'The Wonder Dog' bows out
Rex Hudler always knew how to have a good time. Like that summer day in 1996 at Cooperstown, New York.
Hudler's Angels and the Montreal Expos were scheduled to play in the Hall of Fame exhibition game later that afternoon, but the teams were given a chance to tour the shrine in the morning.
Hudler made a beeline for the gallery where the Hall plaques were housed and put on a show that drew laughs from fellow players and fans. He moved from row to row and added his own touch to each famous name, be it imitating Phil Rizzuto's "Holy Cow!" or doing his impression of Juan Marichal's high leg kick.
On Wednesday, after a pro career that began in 1978, Hudler called it quits at age 37. Released by the Phillies on June 24, he signed with Cleveland and played two weeks at Class AAA Buffalo.
In his final pro at-bat Wednesday, Hudler was hit in the helmet by a pitch from Indianapolis' Scott Ruffcorn. Ever the showman, Hudler took a moment to recover then sprinted down to first base.
After the game, his teammates treated him to a final champagne toast. Teary-eyed, he then spent 30 minutes telling the Buffalo players how much baseball had meant to him.
And before leaving the park, he said, he wanted to go out to the field and "pick a scab and rub some dirt in it and so baseball would always be in my blood."
Hudler made his decision to retire a day earlier. He said he came to the conclusion that it was time to go when, after making a throwing error, he admitted to himself that the misplay did not really bother him.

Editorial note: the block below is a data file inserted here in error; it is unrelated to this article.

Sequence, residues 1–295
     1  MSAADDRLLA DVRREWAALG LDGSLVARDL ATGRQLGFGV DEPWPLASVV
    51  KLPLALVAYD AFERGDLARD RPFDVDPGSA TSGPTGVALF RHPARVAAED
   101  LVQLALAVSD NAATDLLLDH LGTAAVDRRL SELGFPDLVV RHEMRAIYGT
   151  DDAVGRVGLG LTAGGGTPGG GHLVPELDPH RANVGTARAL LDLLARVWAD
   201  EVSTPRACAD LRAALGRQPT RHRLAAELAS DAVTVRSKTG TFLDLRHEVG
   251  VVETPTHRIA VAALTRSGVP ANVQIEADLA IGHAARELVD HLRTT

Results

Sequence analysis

Hudler was never the most talented player on his team, but the guy nicknamed "The Wonder Dog" often made up for that with his hustle, desire and popularity.
His baseball travels began when the New York Yankees made him the 18th overall pick in the 1978 draft -- the year Bob Horner was the No. 1 choice -- and he later played for Baltimore, Montreal and St. Louis, though he never reached the postseason.
The day he was waived by Philadelphia, Hudler took it in stride.
"Released or dismissed, those are more polite words," he said. "I'm a blue-collar guy. I got fired."
Hudler was still in the clubhouse when Jon Zuber reported to the Phils to take his roster spot. And true to his good-guy character, Hudler gave Zuber a hug before leaving.
Hudler is now home in Philadelphia with his family, which includes a young son with Down syndrome. But Hudler may not be away from the game for long -- look for him to pop up somewhere in the TV booth.
Baseball rules involving contracts have been getting so complex in recent years that it's hard to understand all of them. Jeff Shaw and the Dodgers recently found out themselves.
Shaw was traded from Cincinnati to Los Angeles on July 4, a deal that gives the All-Star reliever the right to demand a trade after the season. Under the Basic Agreement, players with at least five years in the majors who are already signed for the following season can demand a trade if they're swapped in the middle of a year.
Dodgers interim GM Tom Lasorda admitted he did not know about the rule until after he acquired Shaw. Then again, Shaw said he didn't know about it, either.
"It's too early to make a determination, but you have to explore all options," said Shaw's agent, Joe Bick.